ever a day begins without British media sighing at the latest antics of the Italian political sphere. Back in the Silvio Berlusconi days, magazines and newspapers relished placing the former prime minister’s beaming face on their covers, accompanied by block capital lettered headlines that screamed of scandal and shame. How could Italians put up with this buffoon? What was wrong with them?
Marco Travaglio and Beppe Severgnini, two leading Italian journalists, have made a career of explaining the Italian mind-set to confused Britons. Severgnini’s recent “Mamma Mia! Berlusconi’s Italy Explained for Posterity and Friends Abroad” is a case in point. In it, essayist Severgnini humorously and substantively describes the reasons behind the Italian psyche and their adulation of a man they deem “misunderstood” abroad. “Italians are pragmatic,” he writes. “Before selecting what they think is right, they take what seems useful.” Well worth reading, the book makes it that much easier to understand why Berlusconi survived as long as he did.
So what was the British media’s reaction when Berlusconi finally left the throne? Most of it was thrilled, with The Economist running a piece entitled “Mighty Monti,” referring to Italy’s new technocrat Prime Minister Mario Monti, a former European Union commissioner (The Economist and Berlusconi had been locked in a decade-long blood feud that included law suits, a quarrel that began with the magazine’s famous 2001 cover story: “Why Silvio Berlusconi is unfit to lead Italy.”)
But some British media, I’m sure, were disappointed to see a high-caliber and respected candidate taking on the reigns. What would they write about now that they actually had to deal with a serious leader instead of a man who enjoyed hosting bunga-bunga parties and whose boisterous antics helped sell their publications?
Thank god, then, for Umberto Bossi, leader of Lega Nord, the Italian political party that stood by Berlusconi’s side for nearly two decades. Bossi, a man who made his career by claiming that Romans were thieves — Roma Ladrona was his slogan — was recently shamed by allegations he pocketed money intended for the party. He resigned, as did his son. Charges of cronyism are now rampant and the Lega Nord is in disarray. Again, the British media rubbed its hands in delight. Here was plenty of sellable material at their fingertips.
But the way that Italian expats living in London view this portrayal of Italian politics has also undergone a change. While Berlusconi was in power, most stayed quiet, knowing that any defense of the status quo would be met with a quick rebuke (rightfully so). Many were ashamed of what their country had become and yearned for a day when Italy would be respected again in major Western capitals. That day finally came when Monti took over.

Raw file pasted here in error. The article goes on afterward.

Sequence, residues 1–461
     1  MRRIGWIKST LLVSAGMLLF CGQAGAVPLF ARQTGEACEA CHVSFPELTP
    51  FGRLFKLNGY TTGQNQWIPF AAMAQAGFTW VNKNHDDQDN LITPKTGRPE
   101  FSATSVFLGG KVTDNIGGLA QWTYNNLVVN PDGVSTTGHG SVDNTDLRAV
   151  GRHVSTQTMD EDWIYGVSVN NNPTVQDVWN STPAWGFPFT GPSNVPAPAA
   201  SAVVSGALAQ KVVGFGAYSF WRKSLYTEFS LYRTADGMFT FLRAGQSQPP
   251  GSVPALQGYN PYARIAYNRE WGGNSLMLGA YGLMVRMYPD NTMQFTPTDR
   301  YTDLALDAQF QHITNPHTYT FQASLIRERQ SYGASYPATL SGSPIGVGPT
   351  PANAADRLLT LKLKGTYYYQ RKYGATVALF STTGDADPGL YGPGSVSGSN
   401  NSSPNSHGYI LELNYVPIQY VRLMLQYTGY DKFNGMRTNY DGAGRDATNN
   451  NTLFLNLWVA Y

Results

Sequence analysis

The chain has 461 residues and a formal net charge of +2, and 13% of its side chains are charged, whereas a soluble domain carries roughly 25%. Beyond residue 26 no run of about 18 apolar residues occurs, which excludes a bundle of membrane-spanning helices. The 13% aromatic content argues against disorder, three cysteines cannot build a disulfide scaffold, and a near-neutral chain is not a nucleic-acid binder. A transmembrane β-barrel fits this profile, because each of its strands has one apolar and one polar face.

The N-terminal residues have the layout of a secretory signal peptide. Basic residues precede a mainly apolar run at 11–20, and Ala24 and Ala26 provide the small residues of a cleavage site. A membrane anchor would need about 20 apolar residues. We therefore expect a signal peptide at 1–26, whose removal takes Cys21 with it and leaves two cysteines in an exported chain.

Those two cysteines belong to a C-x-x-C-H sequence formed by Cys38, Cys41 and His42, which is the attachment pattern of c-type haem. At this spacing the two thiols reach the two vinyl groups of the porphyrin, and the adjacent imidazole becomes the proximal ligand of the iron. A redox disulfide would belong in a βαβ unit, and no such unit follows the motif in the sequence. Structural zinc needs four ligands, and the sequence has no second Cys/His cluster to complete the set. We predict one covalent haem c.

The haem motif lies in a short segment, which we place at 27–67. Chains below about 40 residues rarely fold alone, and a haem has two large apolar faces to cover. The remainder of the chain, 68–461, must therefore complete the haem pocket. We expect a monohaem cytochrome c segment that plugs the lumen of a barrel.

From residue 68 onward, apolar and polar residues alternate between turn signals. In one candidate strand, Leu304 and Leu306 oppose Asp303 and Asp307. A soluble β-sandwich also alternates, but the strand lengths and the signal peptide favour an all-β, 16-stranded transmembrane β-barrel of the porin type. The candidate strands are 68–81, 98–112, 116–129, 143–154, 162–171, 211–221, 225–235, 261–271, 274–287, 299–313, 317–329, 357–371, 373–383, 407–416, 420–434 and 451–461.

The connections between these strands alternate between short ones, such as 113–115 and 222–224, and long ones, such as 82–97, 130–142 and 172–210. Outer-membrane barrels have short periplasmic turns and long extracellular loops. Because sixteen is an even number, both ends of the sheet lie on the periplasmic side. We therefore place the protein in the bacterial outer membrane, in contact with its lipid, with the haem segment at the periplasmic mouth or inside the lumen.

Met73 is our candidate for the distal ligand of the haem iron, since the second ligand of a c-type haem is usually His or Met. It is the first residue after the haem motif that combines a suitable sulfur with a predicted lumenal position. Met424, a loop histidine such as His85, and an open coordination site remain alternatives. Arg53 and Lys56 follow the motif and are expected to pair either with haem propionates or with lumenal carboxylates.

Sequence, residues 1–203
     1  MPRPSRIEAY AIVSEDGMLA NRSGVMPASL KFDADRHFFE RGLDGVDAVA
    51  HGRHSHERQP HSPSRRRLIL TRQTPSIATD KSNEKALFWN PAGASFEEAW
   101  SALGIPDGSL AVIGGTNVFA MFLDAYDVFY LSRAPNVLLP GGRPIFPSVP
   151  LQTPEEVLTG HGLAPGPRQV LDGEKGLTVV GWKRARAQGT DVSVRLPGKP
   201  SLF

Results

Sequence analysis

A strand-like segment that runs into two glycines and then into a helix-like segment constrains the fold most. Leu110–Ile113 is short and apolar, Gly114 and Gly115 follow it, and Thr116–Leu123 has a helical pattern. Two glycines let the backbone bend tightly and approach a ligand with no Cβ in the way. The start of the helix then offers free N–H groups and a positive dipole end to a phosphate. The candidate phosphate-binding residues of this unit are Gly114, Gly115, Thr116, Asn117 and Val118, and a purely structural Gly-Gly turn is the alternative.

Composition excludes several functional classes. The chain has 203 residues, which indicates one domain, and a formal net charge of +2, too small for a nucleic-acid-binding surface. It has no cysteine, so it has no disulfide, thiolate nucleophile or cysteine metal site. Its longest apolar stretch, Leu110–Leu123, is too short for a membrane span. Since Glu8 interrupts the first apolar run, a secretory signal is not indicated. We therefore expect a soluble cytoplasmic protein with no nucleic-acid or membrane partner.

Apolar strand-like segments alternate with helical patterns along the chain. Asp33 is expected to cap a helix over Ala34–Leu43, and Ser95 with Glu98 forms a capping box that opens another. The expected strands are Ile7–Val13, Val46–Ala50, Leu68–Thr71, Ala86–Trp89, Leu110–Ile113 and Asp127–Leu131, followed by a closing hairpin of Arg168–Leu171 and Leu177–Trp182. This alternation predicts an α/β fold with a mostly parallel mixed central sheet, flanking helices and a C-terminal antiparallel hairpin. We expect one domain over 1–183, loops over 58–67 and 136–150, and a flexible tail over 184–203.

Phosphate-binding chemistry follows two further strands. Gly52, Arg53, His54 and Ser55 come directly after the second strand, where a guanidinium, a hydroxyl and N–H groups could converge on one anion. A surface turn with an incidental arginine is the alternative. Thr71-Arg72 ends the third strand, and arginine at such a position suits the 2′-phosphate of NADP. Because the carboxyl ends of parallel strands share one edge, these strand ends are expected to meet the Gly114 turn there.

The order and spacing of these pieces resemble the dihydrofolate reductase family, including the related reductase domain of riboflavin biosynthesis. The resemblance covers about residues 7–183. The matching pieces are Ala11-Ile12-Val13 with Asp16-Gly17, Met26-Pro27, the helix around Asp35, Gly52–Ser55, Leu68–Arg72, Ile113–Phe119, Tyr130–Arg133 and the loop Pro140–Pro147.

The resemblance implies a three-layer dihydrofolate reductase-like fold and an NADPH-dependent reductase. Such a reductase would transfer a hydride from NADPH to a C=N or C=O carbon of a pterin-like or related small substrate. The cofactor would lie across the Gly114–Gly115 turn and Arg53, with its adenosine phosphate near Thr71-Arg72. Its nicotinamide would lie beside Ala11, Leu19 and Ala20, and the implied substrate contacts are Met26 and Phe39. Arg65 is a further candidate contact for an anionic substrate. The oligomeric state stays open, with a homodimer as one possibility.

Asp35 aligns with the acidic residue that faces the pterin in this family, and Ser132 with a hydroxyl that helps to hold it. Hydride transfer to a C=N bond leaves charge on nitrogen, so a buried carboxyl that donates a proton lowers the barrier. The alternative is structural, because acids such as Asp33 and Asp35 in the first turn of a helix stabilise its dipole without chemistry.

Now, Italians in London are not so forgiving. Those who lived abroad during the Berlusconi years were forced to endure myriad insults against their country and gradually grew tired of having to defend Italian honor. It became exasperating to have to repeatedly explain that not every Italian voted for Berlusconi, resembled him, or revered him. It was hard to remind outsiders that many Italians denounced Berlusconi years ago, but received little publicity until criticism of him became fashionable. It was much easier (and let’s just say it, much more fun) for British media to paint a glorious Berlusconi-loving picture instead of digging into Italy’s more complex political and cultural reality.
Since Berlusconi’s fall, there has been a whiplash effect. Italians in London are now quicker to point out British media hypocrisies. The hacking and cash-for-access scandals that recently rocked the UK are cases in point. Revelations that British journalists tapped the phones of celebrities and other prominent figures quashed the ideal of transparent British journalism (and also led to the closing of the popular News of the World tabloid).
Add to that the cash-for-access scandal in which a Conservative Party fundraiser was taped telling fake donors how much they’d need to pay for dinners or lengthy sessions in the company of Prime Minister David Cameron. “If you’re unhappy about something,” party co-treasurer Peter Cruddas told reporters posing as potential donors, “we will listen to you and put it into the policy committee … It will be awesome for your business. You’ll be well placed.” Though Cruddas has resigned, the British political scene suddenly seemed anything but noble.
With Italy finally getting back on its feet, and with Britain recovering from a few blows to its own ego, the time has come for the British media to tone down it’s bias on Italy. Granted, Italy will always have its “colorful” figures, but it is also the home of many respected journalists, professors, engineers who develop ideas and work for a living. It is time to focus on them, and give credit where credit is due.